And at this rate, I have to be real about his future. Part of me wants to just say "Okay, we're just not doing this homework stuff anymore." and insist it be added to his IEP. The other part of me really likes this teacher and she's figured out ways that work with him before. We email some more back and forth and I think we might have something. I explained why the token board idea doesn't jive here and that maybe we could focus more on his typing skills since it's when he actually has to write the answers he loses his shit. We have all the products that Apple makes and plenty of WiFi. (I mean clearly it's a strong signal as I'm emailing the teacher all the freaking time.) We're moving on to stuff he can email to her and I'm hoping like Hell this might be the thing that works.

Cause much like the Kiddo, I too give ZERO fucks about a token board and I'd rather focus our collective energy to something that might prepare him more for the future that is rapidly approaching.

Fingers crossed! Let's hope this works.


  1. OMG the dreaded token board... Sending you good vibes that things work out, been there so many times...

  2. I ask "Is this an autism thing or a 10 year old boy thing?" Every. Darn. Day. Hang in there mama. Easier said than done, but the token boards and the sticker charts and timers (we have 3 freakin' timers) can just take a hike.

  3. Ohh reallyy good to read this thansk for sharing this read more

  4. You have me rolling with laughter! I'm a fellow ASD mom and an ABA Therapist and I too agree many times. What's next after the token boards lose effectiveness and our children know our bag of ticks and don't want to participate in the give and take. My son started this aversion to school work when he started public school at 5 years of age. He is currently 9 and still has his days.

    My experience: Many of our children give us their best when we appear to let them have their own way then revisit the tasks they object. I always have to remind myself that there is always something that each child wants. We just have to be able to deliver once we agree to a contract [verbal, written or whatever...]. Then we can eventually coach them to reward themselves.

    You're Awesome. I love your humor and energy.

  5. OK Colour me super late to the show on this post... by about two years...

    I have been reading your entire blog from the beginning for the last 3 days... I will be done the rest in a couple more hours... LOL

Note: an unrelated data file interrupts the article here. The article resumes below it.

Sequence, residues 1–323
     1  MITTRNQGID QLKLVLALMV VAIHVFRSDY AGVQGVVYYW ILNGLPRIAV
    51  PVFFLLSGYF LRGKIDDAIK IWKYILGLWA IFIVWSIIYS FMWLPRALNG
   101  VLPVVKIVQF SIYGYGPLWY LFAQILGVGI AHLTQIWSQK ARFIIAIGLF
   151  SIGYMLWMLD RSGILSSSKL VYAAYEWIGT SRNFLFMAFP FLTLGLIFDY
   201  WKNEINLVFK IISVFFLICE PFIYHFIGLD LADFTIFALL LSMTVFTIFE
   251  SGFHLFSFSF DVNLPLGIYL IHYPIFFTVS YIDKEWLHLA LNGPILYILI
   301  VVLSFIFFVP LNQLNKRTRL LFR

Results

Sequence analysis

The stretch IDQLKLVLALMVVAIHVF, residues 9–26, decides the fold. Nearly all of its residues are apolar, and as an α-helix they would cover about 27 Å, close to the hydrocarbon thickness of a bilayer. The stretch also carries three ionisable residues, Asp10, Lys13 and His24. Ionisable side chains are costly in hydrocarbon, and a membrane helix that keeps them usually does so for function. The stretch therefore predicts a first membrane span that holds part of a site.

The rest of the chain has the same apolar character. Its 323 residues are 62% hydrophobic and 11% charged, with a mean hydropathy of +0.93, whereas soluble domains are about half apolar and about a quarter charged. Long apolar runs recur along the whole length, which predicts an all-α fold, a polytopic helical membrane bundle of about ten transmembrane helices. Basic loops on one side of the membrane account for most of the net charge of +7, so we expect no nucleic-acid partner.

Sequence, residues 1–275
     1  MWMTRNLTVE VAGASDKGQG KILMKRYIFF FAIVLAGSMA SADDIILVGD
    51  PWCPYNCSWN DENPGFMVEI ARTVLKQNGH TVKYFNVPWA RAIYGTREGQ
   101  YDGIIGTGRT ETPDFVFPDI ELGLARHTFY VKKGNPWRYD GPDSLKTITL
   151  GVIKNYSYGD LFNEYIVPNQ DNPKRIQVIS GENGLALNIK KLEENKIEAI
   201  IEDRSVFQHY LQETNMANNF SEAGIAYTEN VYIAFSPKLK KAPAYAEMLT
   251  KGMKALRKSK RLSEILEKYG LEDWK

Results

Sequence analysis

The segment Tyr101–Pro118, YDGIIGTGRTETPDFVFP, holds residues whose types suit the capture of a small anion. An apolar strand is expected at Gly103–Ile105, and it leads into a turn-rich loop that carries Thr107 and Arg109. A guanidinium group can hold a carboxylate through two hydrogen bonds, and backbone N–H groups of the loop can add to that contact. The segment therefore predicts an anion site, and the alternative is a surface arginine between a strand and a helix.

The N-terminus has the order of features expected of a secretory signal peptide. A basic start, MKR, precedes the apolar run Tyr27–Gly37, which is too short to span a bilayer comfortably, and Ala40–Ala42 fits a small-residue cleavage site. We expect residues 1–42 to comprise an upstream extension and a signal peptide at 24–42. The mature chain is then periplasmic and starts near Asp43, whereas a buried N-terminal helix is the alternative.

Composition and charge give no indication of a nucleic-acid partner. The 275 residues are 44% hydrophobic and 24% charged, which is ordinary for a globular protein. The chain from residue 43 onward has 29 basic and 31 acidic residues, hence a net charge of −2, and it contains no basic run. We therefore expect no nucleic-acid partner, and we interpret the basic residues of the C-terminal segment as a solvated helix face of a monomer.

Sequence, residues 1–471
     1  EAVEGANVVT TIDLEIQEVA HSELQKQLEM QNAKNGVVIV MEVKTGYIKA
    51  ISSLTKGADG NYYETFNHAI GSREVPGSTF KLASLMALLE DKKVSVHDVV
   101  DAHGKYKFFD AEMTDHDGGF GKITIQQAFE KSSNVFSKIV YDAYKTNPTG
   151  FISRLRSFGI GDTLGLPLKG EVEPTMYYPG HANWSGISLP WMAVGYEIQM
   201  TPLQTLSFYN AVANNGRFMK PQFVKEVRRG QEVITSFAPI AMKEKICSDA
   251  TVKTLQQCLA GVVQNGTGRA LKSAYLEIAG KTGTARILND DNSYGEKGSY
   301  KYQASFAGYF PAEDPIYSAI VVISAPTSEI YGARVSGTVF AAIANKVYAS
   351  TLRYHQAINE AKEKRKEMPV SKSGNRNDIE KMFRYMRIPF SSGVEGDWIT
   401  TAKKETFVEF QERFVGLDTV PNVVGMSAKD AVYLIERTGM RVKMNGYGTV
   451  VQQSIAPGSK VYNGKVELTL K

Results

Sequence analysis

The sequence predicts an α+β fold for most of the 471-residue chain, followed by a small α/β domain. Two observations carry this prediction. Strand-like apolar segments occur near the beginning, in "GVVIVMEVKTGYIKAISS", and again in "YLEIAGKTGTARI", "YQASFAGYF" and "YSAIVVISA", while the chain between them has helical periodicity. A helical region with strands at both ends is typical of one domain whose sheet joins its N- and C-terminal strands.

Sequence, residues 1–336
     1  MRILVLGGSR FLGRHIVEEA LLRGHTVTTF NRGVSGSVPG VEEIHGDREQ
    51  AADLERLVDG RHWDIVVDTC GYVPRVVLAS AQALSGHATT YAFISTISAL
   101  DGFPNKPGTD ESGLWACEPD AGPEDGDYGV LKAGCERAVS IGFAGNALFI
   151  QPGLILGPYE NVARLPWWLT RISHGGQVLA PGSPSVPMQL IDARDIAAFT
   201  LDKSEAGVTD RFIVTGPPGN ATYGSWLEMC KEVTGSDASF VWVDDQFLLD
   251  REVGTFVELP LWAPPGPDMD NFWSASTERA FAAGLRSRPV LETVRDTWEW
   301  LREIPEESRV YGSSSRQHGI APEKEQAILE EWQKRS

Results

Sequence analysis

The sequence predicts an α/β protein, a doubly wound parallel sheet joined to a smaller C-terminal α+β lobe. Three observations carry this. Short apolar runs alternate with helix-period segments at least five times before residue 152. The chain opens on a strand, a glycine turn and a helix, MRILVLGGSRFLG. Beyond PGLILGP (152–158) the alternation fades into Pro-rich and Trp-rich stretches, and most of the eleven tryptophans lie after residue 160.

This was the first post that I felt I could actually make a useful share on... Everything else was 'just yup... I get it...' and I can imagine spamming that in every post would NOT be appreciated...

    but this is what I did when my now 22 year old was starting to fight back on the issues of homework back in middle school... which came to an end fast... My thinking was this:

    School is school... Home is home... I totally had 'Never send homework home (except for Mom, ie trip forms, info sheets, etc)' to his IEP's each and every year...

    I felt his home environment was his sanctuary...

    I never allowed testing, interviews, meetings, nothing of that sort to happen inside the home... I wanted Jason to have at least one place in the world that the outside did not invade...

    I did this after several episodes of trying to get him to do sent homework but it was fruitless after a point... and this was not a battle I chose to engage in ... reward systems, first thens, nothing worked to get him to do the work...

    This removed so much stress from the home it was amazing... and I never looked back!!!

    I always felt that any 'homework' they gave that was not incomplete work from that day was just busy work... or 'lets see if we cant make then jump through hoops' work...

    I also found that Jason tended to finish his work completely at school on the day assigned MORE often than when they would issue incomplete or 'extra' worksheets ... which I thought was weird but whatever... LOL